A brief telling of the beginnings of the Essex Community Heritage Organization (ECHO, now Historic Essex) and the subsequent placing of the entire hamlet of Essex on the National Register as told by a survivor.
Expo 67 in Montreal
In the summer of 1967, the Northway being incomplete, my family and I drove through the village of Essex on our way to Expo 67 in Montreal. The detour took us past Rosslyn and I immediately fell in love not only with the house but with the entire village. On the way back we stopped at a local real estate office and inquired as to what was for sale. As it turned out, the yellow brick house was among the numerous properties available. The primary reason that so many properties were available was the dwindling population. Once a bustling community, the commercial life of the village now had been reduced to little more than a store too small to be considered a grocery and a small marina. Tourism consisted of people driving non-stop through the village on their way to the ferry landing. With no large cities within easy commuting range the existing housing stock served only to meet the needs of an increasingly elderly and less affluent population. In short, the village residents could not afford to modernize, much less replace, the early 19th century stock. Love and appreciation were in constant battle with leaky plumbing and roofs.
In 1968 we finalized our purchase of the house and moved to Essex. In the early winter I decided that I should go introduce myself to the Town Board which held their meetings in what was commonly called the Adirondack Hotel – a dilapidated structure surrounded by a seriously deteriorated late 19th century piazza situated on a corner in the center of town. If you looked past the peeling paint and rotten boards though you could still see the 18th century tavern house. The principal item on the night’s agenda turn out to be the destruction and replacement of the tavern house by a more modern structure. So far as the Town Board was concerned the sole holdup was financial. Old houses weren’t producing much in the way of tax revenue so the Town needed to find a way to do it on the cheap.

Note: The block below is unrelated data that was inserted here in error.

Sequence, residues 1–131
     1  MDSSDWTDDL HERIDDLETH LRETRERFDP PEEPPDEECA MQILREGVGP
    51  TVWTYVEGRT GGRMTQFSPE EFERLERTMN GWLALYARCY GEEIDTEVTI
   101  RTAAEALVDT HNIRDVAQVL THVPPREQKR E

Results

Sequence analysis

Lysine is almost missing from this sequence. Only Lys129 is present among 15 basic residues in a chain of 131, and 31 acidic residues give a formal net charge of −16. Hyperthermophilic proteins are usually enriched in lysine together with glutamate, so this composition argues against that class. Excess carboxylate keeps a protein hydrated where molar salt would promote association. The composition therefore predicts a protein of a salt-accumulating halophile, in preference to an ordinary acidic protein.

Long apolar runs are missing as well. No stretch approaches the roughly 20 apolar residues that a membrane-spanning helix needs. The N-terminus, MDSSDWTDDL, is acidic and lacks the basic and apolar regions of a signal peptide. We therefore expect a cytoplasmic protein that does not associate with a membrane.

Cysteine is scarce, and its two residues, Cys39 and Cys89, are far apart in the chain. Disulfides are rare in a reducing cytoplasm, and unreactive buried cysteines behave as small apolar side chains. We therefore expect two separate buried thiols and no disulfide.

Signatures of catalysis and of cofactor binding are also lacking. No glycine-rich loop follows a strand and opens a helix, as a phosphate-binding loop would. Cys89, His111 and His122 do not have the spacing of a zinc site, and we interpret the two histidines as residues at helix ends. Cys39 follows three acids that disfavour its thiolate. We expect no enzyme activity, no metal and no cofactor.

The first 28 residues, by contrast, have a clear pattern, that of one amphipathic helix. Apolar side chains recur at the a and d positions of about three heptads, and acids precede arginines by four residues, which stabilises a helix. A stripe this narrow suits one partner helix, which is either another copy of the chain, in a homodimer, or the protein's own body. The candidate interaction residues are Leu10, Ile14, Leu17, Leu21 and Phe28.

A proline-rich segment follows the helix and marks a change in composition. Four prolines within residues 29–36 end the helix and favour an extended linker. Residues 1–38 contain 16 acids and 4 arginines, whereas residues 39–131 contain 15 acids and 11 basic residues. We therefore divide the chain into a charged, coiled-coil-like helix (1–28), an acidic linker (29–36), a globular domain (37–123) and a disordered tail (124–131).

Essex Community Heritage Organization
The Essex Community Heritage Organization (ECHO) was born at that meeting when I suggested that the building was an important component of local history, should be saved, and could probably serve for many years as the Town’s offices. I pointed to the good Town fathers that tourism was an important source of revenue and, in addition, that the buildings in Essex were all important. I probably continued in this vein for a while and concluded with a statement that I would take care of the problem. In any event, I do remember walking home wondering just how I was going to accomplish all this. It turned out to be less difficult than I expected. A press release brought a surprising number of people to my home the following January. An impassioned appeal on behalf – not just of the tavern but on behalf of all the houses and other structures – combined with a roaring fire and strong drink served to get the ball rolling.